Stocks relapse into selling mode as coronavirus cases top 200K worldwide

Stocks were set for another volatile session on Wednesday, with worldwide cases of the coronavirus soaring above 200,000, which forced governments around the world to consider imposing stricter measures to prevent further spreading.

Traders were also booking some profits after a brisk rally helped investors recoup some of Monday’s ugly losses that pushed the Dow Jones Industrial Average to its worst day since Black Monday of 1987.

In pre-market action, contracts on the major indices tumbled enough to reach their “limit down” floor, preventing them from trading any lower. The lower limit is established each day by CME Group and represents a decline of about 5% on the indices.

[Read more: Coronavirus jitters send Dow swooning to worst-ever point loss, closes at near 3-year low]

The coronavirus pandemic continues to keep investors on edge, as one major economy after the other shuts its borders to stem the outbreak. On Tuesday, Wall Street soared after the Trump administration floated a fiscal pump-priming package to ward off the effects of the COVID-19 outbreak that’s cascading across the global economy. With both Democrats and Republicans coalescing around the urgent need to backstop consumers, the stimulus is likely to top $1 trillion.

Coronavirus cases topped 200,000 mark on Wednesday. Over 100 countries are battling the virus.
Coronavirus cases topped 200,000 mark on Wednesday. Over 100 countries are battling the virus.

According to Eurasia Group’s Todd Mariano, “the most powerful factor spurring Congress forward will continue to be the deterioration of the US economy as it experiences a historic shutdown. More than anything else, even outweighing electoral considerations, this has served to supersede partisan politics and concentrate minds in lightning fashion over the past ten days, and that will likely continue over the next few weeks.”

Monetary policymakers also stepped in with further stimulus Tuesday. In a move anticipated by many market participants, the Federal Reserve announced Tuesday it would be relaunching its financial crisis-era Commercial Paper Funding Facility, a program helping give U.S. companies increased access to financing amid the pandemic-related disruptions.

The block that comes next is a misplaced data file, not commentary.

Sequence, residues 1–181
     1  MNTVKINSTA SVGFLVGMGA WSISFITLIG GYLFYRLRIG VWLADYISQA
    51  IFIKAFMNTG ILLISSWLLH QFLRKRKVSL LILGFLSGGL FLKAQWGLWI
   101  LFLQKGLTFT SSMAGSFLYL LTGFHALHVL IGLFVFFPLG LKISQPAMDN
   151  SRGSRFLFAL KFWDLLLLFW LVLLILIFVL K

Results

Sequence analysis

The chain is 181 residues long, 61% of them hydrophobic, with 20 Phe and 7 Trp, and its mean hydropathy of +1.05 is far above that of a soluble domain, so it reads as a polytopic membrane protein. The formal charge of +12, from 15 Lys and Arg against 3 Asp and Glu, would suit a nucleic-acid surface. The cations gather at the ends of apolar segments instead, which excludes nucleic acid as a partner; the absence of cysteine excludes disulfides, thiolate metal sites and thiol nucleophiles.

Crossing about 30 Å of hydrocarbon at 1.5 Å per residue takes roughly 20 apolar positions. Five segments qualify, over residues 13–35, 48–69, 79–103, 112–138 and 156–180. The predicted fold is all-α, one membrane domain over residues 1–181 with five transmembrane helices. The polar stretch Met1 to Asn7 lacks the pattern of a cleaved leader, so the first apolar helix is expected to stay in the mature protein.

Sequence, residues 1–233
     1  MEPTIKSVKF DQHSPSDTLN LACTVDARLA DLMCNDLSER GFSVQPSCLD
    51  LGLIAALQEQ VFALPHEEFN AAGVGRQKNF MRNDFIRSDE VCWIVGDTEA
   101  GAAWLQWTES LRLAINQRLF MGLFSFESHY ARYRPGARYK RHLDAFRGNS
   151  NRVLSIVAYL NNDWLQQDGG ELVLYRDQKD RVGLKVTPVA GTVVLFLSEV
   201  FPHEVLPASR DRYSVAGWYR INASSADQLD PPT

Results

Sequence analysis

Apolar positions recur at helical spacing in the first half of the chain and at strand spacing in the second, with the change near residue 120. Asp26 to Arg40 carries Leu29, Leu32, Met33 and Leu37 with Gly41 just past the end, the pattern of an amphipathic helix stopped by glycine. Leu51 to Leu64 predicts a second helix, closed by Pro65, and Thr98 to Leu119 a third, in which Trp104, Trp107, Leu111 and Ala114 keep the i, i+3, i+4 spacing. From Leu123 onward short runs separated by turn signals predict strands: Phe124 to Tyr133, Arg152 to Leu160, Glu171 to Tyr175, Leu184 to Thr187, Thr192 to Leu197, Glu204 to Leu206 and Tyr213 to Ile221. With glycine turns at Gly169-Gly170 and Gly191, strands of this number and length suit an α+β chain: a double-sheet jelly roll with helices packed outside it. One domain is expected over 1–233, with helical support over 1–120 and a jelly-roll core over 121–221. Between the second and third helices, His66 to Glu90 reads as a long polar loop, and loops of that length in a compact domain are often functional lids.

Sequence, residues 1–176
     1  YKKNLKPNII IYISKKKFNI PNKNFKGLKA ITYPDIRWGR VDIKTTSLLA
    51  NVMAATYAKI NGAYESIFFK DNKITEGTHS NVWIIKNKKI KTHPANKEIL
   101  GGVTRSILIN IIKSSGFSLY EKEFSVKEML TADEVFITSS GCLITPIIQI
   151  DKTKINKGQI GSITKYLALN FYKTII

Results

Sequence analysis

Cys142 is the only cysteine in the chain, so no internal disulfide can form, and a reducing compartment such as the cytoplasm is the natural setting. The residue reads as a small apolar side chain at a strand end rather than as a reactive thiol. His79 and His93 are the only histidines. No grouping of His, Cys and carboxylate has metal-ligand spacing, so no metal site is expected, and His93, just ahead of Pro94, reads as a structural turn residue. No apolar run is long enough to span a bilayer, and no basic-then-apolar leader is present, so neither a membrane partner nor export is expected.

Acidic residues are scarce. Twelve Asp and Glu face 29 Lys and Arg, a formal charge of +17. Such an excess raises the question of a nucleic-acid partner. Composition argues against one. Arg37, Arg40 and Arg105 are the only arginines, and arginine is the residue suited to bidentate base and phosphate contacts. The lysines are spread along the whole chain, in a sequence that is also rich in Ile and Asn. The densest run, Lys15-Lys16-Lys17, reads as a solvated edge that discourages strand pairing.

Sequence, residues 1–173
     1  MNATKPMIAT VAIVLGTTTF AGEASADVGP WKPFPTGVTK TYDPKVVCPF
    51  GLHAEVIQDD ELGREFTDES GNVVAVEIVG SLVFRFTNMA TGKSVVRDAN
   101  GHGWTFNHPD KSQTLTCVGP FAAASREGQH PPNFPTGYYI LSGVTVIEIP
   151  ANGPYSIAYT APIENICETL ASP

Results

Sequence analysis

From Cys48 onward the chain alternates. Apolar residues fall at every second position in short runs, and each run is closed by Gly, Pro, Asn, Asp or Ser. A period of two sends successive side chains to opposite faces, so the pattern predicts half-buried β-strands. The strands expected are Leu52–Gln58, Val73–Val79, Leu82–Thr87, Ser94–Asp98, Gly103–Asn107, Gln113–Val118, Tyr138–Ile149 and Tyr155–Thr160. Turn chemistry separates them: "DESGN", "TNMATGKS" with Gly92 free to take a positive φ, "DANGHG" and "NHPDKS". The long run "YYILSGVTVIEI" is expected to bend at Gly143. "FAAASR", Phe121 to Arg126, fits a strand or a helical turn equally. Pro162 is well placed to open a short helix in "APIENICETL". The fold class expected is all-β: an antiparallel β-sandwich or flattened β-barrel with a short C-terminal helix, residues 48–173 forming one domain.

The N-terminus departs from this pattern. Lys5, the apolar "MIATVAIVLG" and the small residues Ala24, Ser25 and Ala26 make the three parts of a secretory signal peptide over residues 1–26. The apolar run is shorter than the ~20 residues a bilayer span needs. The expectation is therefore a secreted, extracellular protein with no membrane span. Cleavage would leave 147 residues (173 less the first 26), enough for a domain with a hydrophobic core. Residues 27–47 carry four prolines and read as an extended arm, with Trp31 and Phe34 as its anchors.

However, Tuesday’s bounce in risk assets was not enough to undo the damage wrought by a viral outbreak that has a stranglehold on over 100 countries — and driven stocks from record highs to a bear market in just under a month.

Volatility stemming from the outbreak has seen the Dow move up or down by 1000 points or more for 7 straight days, and 11 times total in the last month, according to Yahoo Finance data.

10:05 a.m. ET: Caesars becomes latest casino company to close amid coronavirus outbreak

Gaming and casino company Caesars announced Wednesday it would temporarily halt operations in North America as the coronavirus outbreak continues to grip key parts of the region.

“It has become clear that we must take this extreme action to help contain the virus and protect the safety and well-being of our team members and guests,” said Caesars Entertainment CEO Tony Rodio.

The company did not provide an expected date to reopen but said it “looks forward to welcoming back team members and guests as soon as appropriate.”

“Caesars has a strong liquidity position with more than $2.8 billion of cash on hand,” the company said in a statement. “While the Company believes its current cash position is more than sufficient to fund its obligations, it is also taking appropriate measures to reduce operating and capital expenses, as necessary.”

Earlier this week, peer casino giant Wynn Resorts said it would be temporarily shutting its Las Vegas and Boston properties for two weeks. Similarly, MGM said its eight resorts on the Las Vegas Strip, including major names like Bellagio and Mirage, will close “until further notice.”

10:05 a.m. ET: Boeing hammered (again) as market frets over liquidity crunch

The aerospace giant’s stock (BA), which is also a Dow component, is taking it on the chin. The double-barreled catastrophe of its idled 737 MAX and the coronavirus crisis has triggered a rout in the stock, which is off around 15% to trade above $104. Amid reports that Boeing is seeking at least $60 billion in aid, the shares are in fire sale territory.

For context, Boeing’s 52 week high was just shy of $400 — meaning it’s lost nearly 2/3 of its value since then.

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9:45 a.m. ET: Trump announces ‘mutual’ border closing with Canada

In the wake of Canada tightening its border, President Donald Trump on Wednesday announced the U.S. would also shut its side of the fence to ‘non-essential’ traffic. The move will not impact trade flows, the president said.

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9:30 a.m. ET: Stocks tumble at the opening bell